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How to work with basic psychology for a UX Designer

UX Planet — Medium | muditha batagoda

Session 01 — Understand the Four temperaments of personality and design

I have been writing for the past year and a half on the topic UX design. I have decided to write a series of articles on topics UX design and psychology. This article is the first one the series that I am going to write. Hope you enjoy.

The user experience designers are capable of finding out solutions for problems that are exciting in the real world. Designing for humans is the most difficult objectives. Everyone wants their work simplified. Achieving simplicity will be the ultimate sophistication when come to design. As designers, we look into different aspects of humans. I came across an interesting topic called temperaments of personality.

The temperaments

The word on temperaments can be herd in the early stages of Roman Empire, and a philosopher called Galen came up with a theory for temperaments and personality.

  1. Melancholic : People who are sad, fearful, depressed, poetic and artistic.
  2. Phlegmatic : People who are shy, rational and consistent
  3. Choleric : People who are fiery, energetic and passionate
  4. Sanguine : People who are warm-hearted, cheerful, optimistic and confidant.

As Galan describes, these temperaments are based on the balance of humour. He saw a direct connection between the levels of humour in the body and emotional and behavioural instincts. The idea was to control Galan was there for more than 200 years, but when the 20th century came, there were new suggestions to the idea of temperament based psychology.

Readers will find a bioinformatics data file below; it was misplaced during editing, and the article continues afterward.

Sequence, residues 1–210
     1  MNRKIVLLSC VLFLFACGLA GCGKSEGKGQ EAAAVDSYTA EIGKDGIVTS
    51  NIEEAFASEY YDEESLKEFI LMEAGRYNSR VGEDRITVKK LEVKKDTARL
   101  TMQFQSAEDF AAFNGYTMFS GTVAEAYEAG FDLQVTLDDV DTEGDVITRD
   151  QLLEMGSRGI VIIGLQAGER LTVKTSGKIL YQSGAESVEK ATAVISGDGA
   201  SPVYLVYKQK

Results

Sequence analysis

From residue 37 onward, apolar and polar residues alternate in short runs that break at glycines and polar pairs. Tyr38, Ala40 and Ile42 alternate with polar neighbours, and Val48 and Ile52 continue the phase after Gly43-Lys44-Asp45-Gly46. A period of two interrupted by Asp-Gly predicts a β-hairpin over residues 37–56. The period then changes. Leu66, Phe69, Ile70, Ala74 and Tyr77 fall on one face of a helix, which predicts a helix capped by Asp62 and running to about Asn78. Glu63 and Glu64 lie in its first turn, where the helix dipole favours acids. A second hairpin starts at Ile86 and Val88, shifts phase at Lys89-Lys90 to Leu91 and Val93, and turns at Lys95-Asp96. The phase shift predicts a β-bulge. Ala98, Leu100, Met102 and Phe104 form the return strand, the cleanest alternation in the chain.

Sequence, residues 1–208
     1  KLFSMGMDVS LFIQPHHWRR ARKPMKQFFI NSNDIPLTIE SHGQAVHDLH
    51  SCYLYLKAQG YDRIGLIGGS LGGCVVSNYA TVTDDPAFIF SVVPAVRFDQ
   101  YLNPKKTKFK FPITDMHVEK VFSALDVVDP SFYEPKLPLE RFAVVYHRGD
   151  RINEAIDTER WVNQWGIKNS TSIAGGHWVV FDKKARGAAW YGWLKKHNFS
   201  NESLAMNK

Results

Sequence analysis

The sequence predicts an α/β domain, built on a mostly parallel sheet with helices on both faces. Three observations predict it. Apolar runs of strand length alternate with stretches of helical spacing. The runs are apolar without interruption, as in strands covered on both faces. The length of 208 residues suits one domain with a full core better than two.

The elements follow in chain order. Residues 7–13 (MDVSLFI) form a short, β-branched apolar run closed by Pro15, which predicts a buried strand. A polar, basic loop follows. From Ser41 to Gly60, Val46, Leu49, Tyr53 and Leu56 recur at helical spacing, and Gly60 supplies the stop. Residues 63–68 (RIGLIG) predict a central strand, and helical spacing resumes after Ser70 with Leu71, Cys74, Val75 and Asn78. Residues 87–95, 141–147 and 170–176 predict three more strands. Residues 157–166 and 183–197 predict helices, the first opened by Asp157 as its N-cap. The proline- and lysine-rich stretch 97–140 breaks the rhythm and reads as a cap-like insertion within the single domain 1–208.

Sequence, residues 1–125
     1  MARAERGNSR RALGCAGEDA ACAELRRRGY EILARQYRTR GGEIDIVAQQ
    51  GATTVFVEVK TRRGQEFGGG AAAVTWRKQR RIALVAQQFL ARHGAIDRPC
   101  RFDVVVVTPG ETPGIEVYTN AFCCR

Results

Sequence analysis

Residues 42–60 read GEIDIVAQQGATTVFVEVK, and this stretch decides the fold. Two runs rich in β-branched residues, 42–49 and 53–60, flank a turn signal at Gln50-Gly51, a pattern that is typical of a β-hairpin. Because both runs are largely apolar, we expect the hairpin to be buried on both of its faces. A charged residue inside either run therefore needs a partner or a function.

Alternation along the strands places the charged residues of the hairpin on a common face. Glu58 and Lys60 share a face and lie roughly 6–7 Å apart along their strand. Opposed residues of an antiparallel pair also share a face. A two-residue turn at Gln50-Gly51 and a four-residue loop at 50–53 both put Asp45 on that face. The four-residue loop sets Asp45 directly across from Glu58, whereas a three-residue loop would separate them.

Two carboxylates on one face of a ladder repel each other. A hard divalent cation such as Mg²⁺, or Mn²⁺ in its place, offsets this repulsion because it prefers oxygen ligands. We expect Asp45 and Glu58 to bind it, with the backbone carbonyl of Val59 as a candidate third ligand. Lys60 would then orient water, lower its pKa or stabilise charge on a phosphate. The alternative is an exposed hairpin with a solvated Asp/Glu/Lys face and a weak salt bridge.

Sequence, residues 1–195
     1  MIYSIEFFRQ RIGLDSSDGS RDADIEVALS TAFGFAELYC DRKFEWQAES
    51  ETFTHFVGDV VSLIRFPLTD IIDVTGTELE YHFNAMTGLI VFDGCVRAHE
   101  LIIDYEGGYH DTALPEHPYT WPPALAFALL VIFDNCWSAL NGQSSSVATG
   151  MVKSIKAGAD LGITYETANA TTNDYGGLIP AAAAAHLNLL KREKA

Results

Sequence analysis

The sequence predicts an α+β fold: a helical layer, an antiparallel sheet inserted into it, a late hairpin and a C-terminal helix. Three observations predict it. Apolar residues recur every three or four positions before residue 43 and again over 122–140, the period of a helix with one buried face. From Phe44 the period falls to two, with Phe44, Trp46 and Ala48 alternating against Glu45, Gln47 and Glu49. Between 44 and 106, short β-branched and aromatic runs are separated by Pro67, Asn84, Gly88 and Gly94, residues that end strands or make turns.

These temperaments of personalities can be understood by different persons that designers encounter in product/application design. There can be many user groups when come to designing a product that is used by different age groups, professions and many other things. Let’s have a look at the temperament categories when coming to application design.

  1. Logical users

These people are really detail-oriented, very careful and methodical in what they do. These are the people who don’t revisit or don’t re-use the applications when they are unable to complete a process in an orderly fashion. The flow of the application is much more important to this user group than anything else. They will read all the notifications and product sell pages and request a demo. Most of the time they want to see few quick reasons why they need to buy your product or service. But they might not buy the product at the first point, but they might shop around to see the best product that suits their needs. This kind of personality can be seen in many corporate level application purchases.

2. Aggressive users

These user groups are competitive in nature. They are always ready to strive to be the best by flushing out the competition. If these people see your product would put them ahead of their competitors, they will defiantly buy your product. Most of the time these user groups exists in mainly B2B transactions and people who are higher in the food chain. When you provide a great intensive to buy your product by communicating to their needs.

3. Impulsive Users

These types of users are always ready to buy your product or service. They tend to make quick decisions on buying new product and services whenever they feel like it. Their decision making is almost spontaneous when come to purchasing items. So the first impressions towards your application should give them the impression that your product is the best to buy. The process of buying your product should be really smooth since they can change their mind in between buying the product and the process of buying it.

4. Caring users

These types of user groups care about what they are buying. They are the ones who go through the feedback comments of the previous buyers who bought the product. They are the ones who talk to other people who bought your product before them. They trust what they see as a first impression. Most of the time they are impacted by the other’s opinion about the product or service that they are buying. They may refer to credible resources to find what they need about the product.

You might wonder about focusing down all these four user groups when you are trying to pitch your product to the market. In my study, I have found a method called designing for personality.

Designing for personality